Rabat - The World Trade Organization (WTO) Dispute Settlement Body (DSB) will investigate Turkish concerns over anti-dumping duties imposed by Morocco on imports of hot rolled coil (HRC).
Rabat – The World Trade Organization (WTO) Dispute Settlement Body (DSB) will investigate Turkish concerns over anti-dumping duties imposed by Morocco on imports of hot rolled coil (HRC).
After a meeting held last October with the WTO, which did not result to an amicable settlement, Turkey decided to challenge the anti-dumping measures applied by Morocco on steel in the jurisdictional area.
Turkey alleged that the Moroccan measures are inconsistent with a number of procedural and substantive provisions of the WTO’s antidumping agreement.
According to the WTO, Morocco considers that the duties in question are in accordance with its domestic laws and with its WTO commitments, and that it is prepared to defend the consistency of its measures before a panel.
The European Union, China, Egypt and India want to take advantage of the breach opened by Turkey, as they too consider Morocco’s measures incompatible with certain provisions of the WTO. After a consultation phase, Turkey decided to bring the matter before the competent WTO authorities on January 12 to trigger the proper institutional proceedings.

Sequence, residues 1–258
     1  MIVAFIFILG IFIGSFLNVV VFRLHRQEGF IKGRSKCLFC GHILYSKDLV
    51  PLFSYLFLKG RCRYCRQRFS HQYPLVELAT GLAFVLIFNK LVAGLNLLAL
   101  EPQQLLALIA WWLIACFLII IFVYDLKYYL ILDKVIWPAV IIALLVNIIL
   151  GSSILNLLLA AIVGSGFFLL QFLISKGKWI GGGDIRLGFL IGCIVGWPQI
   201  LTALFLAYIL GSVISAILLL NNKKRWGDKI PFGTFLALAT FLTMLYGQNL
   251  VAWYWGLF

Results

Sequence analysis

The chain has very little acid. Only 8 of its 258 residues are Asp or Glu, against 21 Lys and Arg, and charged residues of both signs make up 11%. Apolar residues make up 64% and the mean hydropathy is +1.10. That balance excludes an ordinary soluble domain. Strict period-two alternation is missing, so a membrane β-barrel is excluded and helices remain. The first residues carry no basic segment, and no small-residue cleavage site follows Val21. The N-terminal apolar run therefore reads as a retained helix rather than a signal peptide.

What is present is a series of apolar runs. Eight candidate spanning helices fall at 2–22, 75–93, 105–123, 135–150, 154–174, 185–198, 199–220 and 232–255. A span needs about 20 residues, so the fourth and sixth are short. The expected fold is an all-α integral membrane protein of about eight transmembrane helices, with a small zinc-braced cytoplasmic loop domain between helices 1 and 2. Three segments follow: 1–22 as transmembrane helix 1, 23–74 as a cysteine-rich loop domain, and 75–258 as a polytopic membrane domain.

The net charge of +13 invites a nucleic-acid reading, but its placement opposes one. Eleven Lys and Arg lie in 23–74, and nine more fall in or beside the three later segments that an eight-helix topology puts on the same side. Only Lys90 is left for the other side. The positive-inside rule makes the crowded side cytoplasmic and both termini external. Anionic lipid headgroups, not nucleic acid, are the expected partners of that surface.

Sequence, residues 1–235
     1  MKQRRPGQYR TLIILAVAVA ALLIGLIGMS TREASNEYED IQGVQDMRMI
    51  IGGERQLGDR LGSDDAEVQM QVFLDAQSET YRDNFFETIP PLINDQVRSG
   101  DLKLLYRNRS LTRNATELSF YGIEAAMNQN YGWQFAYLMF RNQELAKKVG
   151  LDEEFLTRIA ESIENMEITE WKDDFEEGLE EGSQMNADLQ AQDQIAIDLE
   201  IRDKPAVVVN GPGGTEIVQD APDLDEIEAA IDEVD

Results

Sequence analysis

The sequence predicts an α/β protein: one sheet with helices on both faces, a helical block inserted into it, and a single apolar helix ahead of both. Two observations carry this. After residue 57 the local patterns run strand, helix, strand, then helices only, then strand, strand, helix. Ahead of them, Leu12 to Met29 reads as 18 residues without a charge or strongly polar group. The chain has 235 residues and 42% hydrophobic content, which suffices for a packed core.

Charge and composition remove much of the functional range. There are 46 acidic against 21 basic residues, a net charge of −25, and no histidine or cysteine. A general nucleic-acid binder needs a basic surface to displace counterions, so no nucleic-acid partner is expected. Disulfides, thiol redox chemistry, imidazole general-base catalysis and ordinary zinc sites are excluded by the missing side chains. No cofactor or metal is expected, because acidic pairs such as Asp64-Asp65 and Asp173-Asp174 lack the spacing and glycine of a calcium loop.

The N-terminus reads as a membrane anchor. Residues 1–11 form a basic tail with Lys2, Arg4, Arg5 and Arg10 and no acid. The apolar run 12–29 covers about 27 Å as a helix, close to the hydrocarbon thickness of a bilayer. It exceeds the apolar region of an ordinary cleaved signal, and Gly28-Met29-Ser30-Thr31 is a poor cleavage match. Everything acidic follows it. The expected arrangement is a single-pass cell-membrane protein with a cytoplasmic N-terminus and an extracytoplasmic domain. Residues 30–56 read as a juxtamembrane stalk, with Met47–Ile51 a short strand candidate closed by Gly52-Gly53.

For the second time, Turkey requested the establishment of a panel to examine its complaint. Once again, Turkey insisted that the anti-dumping duties imposed by Morocco on the Turkish steel imports were WTO-inconsistent. Turkey said it had hoped the matter could have been resolved without recourse to a panel, but that it had to protect its rights under the Anti-Dumping Agreement.
In practical terms, the procedure initiated gives the complainant the right to defend the rights or to protect the advantages that accrue to him from the WTO agreement. According to Turkey, Morocco’s anti-dumping duties would be contrary to the GATT, the Anti-Dumping Agreement and the Agreement on Import Licensing Procedures.
Meanwhile, Morocco said it regretted Turkey’s request for the panel, stating that it remained to rely on consultations in order to find a mutually acceptable solution to this dispute. Morocco had officially requested the continuation of consultations with Turkey, but did not receive a proposal in response. Morocco said it considered the duties in question to be in accordance with its domestic laws and with its WTO commitments, and that it was prepared to defend the consistency of its measures before a panel.
On a meeting on January 25, the WTO Dispute Settlement Body deferred the start date of the panel under after its members had been established.